In many parts of the Arkansas River, running through Colorado, Kansas, Oklahoma, Arkansas and finally into the Mississippi, brown trout range 1042 inches. Rainbow, brook, cutthroat and lake trout are plentiful.
Two fly-fishing spots are Mill Creek in the Mark Twain National Forest of Missouri and Minnesota’s Superior National Forest. Fish for lake, brook and rainbow trout, and northern pike. Then choose one of 500 campsites for a great evening.
Many fishermen search for those “unsung” holes away from the madding crowd. These three in the National Park System fit the bill: * Devils Postpile National Monument, California. The middle fork of the San Joaquin River is home to brook, brown and rainbow trout.
* Big Thicket National Preserve, Texas. Largemouth and spotted bass, trappie, white bass and catfish year-round in this 85,000-acre plant and animal hideaway. * New River Gorge, West Virginia. Largemouth, smallmouth and spotted bass, walleye, channel catfish and muskellunge abound here.
June 2-8 is National Fishing Week and a good time to remind anglers and boaters that the Sport Fish Restoration Act is up for congressional reauthorization. This successful and important funding program gave more than $300 million to the states last year alone from a modest excise tax on sport-fishing equipment and boat fuel. It’s a great fund from which the states can spend on beneficial fishing, boating and fisheries–related projects.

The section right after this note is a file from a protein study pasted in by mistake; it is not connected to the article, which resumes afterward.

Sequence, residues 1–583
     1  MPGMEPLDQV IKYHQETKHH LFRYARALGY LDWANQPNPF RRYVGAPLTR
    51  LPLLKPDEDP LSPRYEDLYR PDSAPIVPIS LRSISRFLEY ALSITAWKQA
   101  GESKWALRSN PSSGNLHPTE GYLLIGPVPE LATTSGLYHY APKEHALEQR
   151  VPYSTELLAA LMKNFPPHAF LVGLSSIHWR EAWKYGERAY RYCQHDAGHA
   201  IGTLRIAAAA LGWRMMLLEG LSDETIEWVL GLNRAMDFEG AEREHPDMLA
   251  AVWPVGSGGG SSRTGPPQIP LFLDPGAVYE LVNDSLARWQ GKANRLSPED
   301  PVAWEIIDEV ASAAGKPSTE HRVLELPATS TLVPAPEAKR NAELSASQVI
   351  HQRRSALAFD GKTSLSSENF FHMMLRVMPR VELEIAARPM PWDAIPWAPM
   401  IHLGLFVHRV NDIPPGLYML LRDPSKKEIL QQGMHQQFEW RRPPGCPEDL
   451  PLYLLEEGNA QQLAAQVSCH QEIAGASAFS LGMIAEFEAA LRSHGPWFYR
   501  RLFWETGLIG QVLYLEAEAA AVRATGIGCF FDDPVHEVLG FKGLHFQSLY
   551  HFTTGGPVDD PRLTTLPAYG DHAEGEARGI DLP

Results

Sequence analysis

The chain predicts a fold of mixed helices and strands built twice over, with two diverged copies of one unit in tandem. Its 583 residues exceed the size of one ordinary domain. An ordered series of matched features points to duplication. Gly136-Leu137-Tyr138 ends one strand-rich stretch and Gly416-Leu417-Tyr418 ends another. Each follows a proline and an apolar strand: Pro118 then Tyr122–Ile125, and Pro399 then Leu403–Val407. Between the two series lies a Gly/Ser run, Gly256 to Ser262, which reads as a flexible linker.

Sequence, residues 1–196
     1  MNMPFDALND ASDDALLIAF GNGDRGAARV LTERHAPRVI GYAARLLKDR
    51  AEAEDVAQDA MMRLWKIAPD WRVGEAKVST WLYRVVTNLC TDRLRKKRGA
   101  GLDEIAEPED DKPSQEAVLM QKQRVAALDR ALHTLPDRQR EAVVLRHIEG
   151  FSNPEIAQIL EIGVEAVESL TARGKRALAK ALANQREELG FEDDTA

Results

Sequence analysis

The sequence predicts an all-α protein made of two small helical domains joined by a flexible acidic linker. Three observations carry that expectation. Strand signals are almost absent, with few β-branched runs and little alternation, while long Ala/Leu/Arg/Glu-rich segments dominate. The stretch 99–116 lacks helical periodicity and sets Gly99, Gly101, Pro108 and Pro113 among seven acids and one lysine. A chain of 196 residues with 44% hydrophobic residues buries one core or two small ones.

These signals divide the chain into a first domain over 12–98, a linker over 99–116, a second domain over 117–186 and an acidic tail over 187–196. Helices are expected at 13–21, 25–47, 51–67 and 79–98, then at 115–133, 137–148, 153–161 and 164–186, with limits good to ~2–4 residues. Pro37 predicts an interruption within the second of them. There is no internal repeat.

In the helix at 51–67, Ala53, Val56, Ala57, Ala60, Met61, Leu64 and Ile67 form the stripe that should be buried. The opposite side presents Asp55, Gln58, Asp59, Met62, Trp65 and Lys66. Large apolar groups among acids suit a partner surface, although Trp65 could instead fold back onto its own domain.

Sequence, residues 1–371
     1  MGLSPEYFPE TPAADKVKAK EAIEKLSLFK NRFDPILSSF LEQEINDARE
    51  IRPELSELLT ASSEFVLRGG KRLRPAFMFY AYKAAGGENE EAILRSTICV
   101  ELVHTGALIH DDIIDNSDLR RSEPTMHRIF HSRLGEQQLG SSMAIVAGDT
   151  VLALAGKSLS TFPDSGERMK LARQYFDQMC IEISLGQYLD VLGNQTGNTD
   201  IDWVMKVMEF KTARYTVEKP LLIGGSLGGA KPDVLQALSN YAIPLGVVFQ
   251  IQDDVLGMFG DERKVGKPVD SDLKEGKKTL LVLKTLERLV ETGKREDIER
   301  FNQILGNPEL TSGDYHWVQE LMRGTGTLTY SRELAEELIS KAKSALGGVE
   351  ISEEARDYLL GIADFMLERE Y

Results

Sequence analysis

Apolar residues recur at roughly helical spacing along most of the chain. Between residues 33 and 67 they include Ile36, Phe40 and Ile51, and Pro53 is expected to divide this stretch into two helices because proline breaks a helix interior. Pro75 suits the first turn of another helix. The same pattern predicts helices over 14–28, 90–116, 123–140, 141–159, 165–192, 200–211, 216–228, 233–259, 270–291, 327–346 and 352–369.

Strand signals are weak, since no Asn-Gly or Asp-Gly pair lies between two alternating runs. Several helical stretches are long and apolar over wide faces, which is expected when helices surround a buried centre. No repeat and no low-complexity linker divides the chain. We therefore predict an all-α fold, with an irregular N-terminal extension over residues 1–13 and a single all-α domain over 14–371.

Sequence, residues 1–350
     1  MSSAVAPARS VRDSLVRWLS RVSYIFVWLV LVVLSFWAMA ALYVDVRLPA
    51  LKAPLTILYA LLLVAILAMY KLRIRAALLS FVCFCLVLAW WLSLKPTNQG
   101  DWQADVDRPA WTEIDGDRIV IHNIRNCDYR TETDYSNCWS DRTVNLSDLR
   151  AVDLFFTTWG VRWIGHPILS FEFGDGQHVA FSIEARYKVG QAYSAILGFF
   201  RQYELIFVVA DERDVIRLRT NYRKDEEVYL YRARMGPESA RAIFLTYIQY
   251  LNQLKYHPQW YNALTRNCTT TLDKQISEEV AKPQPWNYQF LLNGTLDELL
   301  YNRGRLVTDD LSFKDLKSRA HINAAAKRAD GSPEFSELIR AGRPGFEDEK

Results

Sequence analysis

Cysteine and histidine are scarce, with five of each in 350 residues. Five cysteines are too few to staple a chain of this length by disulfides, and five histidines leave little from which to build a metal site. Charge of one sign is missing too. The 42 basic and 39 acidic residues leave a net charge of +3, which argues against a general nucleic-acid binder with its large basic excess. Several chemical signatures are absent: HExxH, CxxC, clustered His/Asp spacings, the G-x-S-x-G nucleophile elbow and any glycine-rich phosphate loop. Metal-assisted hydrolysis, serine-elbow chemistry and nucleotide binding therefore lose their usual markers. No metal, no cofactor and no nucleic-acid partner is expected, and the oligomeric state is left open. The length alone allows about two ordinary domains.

OFF THE ROAD
Scenic driving is a pleasurable way to see the natural and historical wonders of America, with stops for an array of recreational opportunities along some choice routes on public lands. There’s the truly memorable ride in the sparkling Canyon de Chelly National Monument in Arizona, featuring ruins of ancient Indian villages at the base of sheer red cliffs and in caves in canyon walls. End the day with an incomparable camping experience.
After a visit to the nation’s capital, head into Virginia’s Jefferson National Forest on the Big Walker Mountain Scenic Byway. Rich in history and recreation, the Byway also hosts the Big Bend Picnic Area, a lush landscape where travelers get tremendous vistas of the valley below.
BLM asks tourists to take the “roads less traveled” for a different scenic drive. There are more than 60 of these Backcountry Byways, covering 3,000 miles, from narrow graded roads to two4ane highways. Among the best are Nevada’s Bitter Springs and Gold Butte, and California Trail Back country Byways, the latter not only offering panoramic vistas, but also excellent picnicking, primitive camping, and wildlife watching.